Wednesday, March 16, 2011
Evelyn Roth and Textile Art in the 1970's
Here's a blast from the past! In my weird, arty teen years in the remote outpost of Vancouver, British Columbia there was an artist, Evelyn Roth, who did wild and crazy work with used videotape, dance and performance. Her work really captured the zeitgeist of that era, and was a source of encouragement and inspiration for me. She now lives in Australia and, in her own 70's, still makes art.
Check out this video as she talks about working with crocheted videotape. Or this one where she discusses the early years of wearable art.
And, like the loops of crochet, life can circle back on itself in surprising ways. Yesterday, my friend Sam was looking at one of my weaving books and marveling at the mysterious language and technical intricacy involved in weaving. He mentioned attending an exhibit at the Vancouver Art Gallery back in the early '70's that featured fibre art, and said it really opened his eyes about what could be made with textiles. That tweaked a memory in me, as I had visited what was probably the same exhibit as a young teenager. I asked him if he remembered anything in particular from the show, and all he could say was, "It was fuzzy." (So much for the indelible impression it made, but then again he is more interested in guitars and car engines than cloth.)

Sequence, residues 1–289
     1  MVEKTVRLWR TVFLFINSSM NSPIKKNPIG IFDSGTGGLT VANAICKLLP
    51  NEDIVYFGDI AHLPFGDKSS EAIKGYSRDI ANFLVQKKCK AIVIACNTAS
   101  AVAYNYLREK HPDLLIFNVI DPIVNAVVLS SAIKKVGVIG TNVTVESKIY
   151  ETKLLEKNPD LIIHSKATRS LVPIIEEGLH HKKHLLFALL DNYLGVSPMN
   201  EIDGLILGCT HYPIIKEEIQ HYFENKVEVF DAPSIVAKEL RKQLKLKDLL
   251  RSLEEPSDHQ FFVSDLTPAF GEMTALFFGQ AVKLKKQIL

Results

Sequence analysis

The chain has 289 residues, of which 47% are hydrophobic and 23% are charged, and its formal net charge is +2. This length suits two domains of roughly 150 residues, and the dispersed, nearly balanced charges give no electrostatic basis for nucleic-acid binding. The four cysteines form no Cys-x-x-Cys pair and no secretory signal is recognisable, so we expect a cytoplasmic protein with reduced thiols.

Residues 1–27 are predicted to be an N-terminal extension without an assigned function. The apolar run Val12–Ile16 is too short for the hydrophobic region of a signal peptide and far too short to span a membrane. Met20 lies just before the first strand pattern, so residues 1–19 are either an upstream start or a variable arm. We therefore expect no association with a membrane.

But when I found the above picture, and showed it to him, he said, "Yes, I remember being amazed at how many miles of videotape it must have taken her to make that." It might be just a coincidence, but who knows how seeing that exhibit may have shaped his thinking and attitude and ended up with him sitting in my living room reading a book on weaving forty years later. So thanks, Evelyn, for your work and how the threads and connections you have made extend through time and continue to be relevant today.